To me, to call Argentine tango a partner dance is overly simplistic, but to call it an intense spiritual and philosophical experience might raise some eyebrows. Even though each one of us makes the decision to learn how to dance tango for a variety of, usually very personal, reasons, we all very soon come to the same realizations – tango is power and tango is as much about self-love and self-knowledge as it is about loving and knowing the other. I explain Argentine tango to my beginner students as the ultimate human intimacy and connection, this crazy wild animal of passion and patience that woes us to itself and transforms our existence.
What makes Argentine tango unique is that it is a completely improvisational dance between a leader (that makes all the decisions and controls the dance) and a follower (that completely lets go and reacts in the moment to the lead). There is no basic step, no one shared technique. Subjectively, to me tango really is a quiet process of trust – trusting yourself and trusting the other. There is magic in the vulnerability of allowing a stranger to come physically and mentally so close to you in order to create the intimacy and communication that dancing tango requires. A vulnerability that becomes possible solely from having awareness of your own level of comfort and boundaries but also sensing and respecting the comfort and boundaries of the other.
Tango is also very much about trusting to quiet the mind – to stop the at times overwhelming and never ceasing flow of random thoughts that has personally often felt debilitating and limiting. In my first three years of dancing, I brought to tango the insecurities, personal struggles and self doubt that had haunted me my entire life. During the first six months, which tend to be the most challenging for the beginner dancer, I almost quit on a daily basis. It took me that amount of time to go to my first social tango event outside of my school and to put myself out there and dance with strangers. The biggest block – the constant, infuriating loop of thinking that I was not good enough and that there’s nothing I can bring to the tango table with all the other wonderful and beautiful dancers out, always lurking in the back of my mind as I joined the rest of the social dancers. However, every time I didn’t cave to the loop and I went out to socially dance and had a beautiful moment of complete surrender with a friend or a stranger, my power grew and my self-acceptance and self-love strengthened. Yes, it took years to stop the loop and I would lie if I say it never comes back to haunt me. But just as meditation teaches us to find the space between the constant flow of often negative thoughts and our true self, tango taught me that there is a space between the anxiety of the self-doubt and the tiring marathon of the physical overreaction. In that space are my patience, my kindness and my love and they all first start with me and direct internally towards me. In the intimacy of the present moment and the embrace of a stranger, I chose to trust in myself so I can then choose to trust another person and, together, create magic.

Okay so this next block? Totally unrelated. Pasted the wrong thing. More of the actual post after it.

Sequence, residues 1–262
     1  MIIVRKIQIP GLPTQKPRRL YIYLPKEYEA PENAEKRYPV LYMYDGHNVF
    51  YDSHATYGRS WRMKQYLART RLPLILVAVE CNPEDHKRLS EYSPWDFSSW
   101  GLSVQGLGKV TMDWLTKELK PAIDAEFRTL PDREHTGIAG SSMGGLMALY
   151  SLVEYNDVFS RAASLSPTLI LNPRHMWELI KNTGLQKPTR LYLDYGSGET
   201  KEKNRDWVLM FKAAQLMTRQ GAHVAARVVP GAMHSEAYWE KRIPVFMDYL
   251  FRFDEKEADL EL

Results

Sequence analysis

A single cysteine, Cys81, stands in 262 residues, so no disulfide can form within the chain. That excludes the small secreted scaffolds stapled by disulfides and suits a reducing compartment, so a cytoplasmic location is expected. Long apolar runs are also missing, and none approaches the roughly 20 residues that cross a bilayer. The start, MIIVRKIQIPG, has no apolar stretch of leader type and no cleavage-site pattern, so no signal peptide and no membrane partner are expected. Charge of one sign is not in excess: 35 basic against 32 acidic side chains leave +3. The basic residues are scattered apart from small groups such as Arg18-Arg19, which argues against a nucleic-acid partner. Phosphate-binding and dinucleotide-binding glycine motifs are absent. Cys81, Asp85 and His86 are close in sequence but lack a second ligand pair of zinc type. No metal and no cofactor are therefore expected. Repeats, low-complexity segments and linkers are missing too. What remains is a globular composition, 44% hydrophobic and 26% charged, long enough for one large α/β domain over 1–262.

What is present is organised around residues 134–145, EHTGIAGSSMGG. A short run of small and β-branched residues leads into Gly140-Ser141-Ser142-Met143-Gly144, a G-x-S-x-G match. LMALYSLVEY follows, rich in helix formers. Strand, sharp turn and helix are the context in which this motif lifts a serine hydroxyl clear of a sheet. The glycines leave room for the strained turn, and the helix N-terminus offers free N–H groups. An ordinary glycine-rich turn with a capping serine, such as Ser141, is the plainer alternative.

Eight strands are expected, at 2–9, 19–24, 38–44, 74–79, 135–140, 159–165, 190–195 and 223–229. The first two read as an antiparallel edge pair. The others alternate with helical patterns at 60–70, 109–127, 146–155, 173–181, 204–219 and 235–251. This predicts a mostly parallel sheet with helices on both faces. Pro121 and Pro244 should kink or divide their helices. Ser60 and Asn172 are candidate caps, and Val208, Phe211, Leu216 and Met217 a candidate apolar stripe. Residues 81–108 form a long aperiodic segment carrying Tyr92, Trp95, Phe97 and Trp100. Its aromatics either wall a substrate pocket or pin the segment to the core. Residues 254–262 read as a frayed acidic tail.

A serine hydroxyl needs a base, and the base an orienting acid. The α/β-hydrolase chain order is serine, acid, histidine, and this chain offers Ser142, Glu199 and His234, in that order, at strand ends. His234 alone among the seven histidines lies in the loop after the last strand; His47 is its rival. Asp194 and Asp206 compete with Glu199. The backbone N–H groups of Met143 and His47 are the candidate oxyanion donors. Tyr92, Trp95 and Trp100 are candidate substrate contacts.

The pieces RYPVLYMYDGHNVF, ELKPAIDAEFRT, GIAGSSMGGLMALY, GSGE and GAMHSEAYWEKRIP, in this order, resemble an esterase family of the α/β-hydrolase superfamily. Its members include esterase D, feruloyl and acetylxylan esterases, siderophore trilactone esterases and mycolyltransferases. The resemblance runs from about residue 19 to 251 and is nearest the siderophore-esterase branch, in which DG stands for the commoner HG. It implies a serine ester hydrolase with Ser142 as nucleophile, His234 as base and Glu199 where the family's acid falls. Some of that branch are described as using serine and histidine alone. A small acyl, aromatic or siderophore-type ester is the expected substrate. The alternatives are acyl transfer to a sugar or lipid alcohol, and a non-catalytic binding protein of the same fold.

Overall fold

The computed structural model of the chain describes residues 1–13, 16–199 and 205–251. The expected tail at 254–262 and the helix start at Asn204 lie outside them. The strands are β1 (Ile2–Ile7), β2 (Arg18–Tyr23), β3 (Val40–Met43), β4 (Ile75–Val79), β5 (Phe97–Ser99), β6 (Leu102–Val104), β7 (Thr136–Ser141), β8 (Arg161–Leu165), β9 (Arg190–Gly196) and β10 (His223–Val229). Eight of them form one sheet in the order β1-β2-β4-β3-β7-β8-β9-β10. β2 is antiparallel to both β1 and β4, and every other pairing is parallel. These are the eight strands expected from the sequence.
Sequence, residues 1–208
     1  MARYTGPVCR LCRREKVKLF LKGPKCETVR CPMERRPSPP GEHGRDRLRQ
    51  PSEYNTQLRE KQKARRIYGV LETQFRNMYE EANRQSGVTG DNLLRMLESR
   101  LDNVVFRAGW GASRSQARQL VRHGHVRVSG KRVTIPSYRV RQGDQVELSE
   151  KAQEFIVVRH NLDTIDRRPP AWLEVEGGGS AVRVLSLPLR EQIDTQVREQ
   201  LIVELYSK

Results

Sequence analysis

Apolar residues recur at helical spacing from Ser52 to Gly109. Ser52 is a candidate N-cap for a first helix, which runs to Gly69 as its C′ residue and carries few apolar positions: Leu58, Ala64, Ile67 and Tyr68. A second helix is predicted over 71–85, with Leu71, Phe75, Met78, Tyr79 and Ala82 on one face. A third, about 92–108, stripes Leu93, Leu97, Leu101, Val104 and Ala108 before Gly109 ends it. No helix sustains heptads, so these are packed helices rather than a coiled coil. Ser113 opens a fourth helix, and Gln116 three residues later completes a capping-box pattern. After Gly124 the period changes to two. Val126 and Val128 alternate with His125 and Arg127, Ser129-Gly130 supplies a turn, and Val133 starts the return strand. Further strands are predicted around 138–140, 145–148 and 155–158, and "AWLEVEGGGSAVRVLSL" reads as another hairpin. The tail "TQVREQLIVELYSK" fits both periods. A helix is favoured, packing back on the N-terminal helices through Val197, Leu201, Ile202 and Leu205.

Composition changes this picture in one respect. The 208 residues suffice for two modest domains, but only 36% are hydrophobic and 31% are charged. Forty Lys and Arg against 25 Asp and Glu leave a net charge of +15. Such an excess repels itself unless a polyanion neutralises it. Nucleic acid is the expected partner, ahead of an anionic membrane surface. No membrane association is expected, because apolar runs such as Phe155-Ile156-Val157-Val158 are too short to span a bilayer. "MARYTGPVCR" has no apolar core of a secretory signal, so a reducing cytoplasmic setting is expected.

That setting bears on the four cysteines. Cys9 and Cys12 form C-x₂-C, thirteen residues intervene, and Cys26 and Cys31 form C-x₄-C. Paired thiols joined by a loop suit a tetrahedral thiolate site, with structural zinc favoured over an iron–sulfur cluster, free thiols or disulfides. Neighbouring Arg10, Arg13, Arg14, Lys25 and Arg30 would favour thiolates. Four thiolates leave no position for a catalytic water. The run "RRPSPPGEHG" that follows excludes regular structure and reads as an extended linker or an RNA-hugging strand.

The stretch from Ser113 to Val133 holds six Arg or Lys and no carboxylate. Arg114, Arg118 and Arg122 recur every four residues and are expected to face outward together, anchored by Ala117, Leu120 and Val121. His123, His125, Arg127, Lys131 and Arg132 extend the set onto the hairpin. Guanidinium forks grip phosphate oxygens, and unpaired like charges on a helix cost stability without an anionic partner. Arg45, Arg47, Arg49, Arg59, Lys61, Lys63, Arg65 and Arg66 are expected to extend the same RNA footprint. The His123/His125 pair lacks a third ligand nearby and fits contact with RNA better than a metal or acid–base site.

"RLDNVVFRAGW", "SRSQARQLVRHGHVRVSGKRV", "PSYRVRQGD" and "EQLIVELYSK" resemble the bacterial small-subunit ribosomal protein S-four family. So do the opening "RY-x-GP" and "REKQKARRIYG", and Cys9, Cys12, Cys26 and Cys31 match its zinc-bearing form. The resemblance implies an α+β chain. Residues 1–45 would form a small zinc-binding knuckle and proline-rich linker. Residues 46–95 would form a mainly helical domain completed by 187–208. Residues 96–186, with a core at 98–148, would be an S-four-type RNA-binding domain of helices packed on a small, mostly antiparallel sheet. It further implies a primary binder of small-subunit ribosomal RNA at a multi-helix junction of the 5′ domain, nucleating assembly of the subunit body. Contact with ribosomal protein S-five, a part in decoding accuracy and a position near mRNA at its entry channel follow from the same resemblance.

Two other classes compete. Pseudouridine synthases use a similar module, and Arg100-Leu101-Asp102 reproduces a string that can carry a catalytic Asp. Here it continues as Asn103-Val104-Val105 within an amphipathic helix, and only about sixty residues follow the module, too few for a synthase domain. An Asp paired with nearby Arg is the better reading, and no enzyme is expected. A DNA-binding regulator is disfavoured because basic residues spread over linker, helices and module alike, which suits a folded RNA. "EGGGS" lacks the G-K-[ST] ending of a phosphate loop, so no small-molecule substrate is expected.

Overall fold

Through tango, I learned that I am enough. And that when I stumble, when I miss a move, when I get so tangled up in a step that I almost fall in a public thud to the floor, all I have to do is breathe, pause, stand up and keep dancing. Because even in that moment I am enough.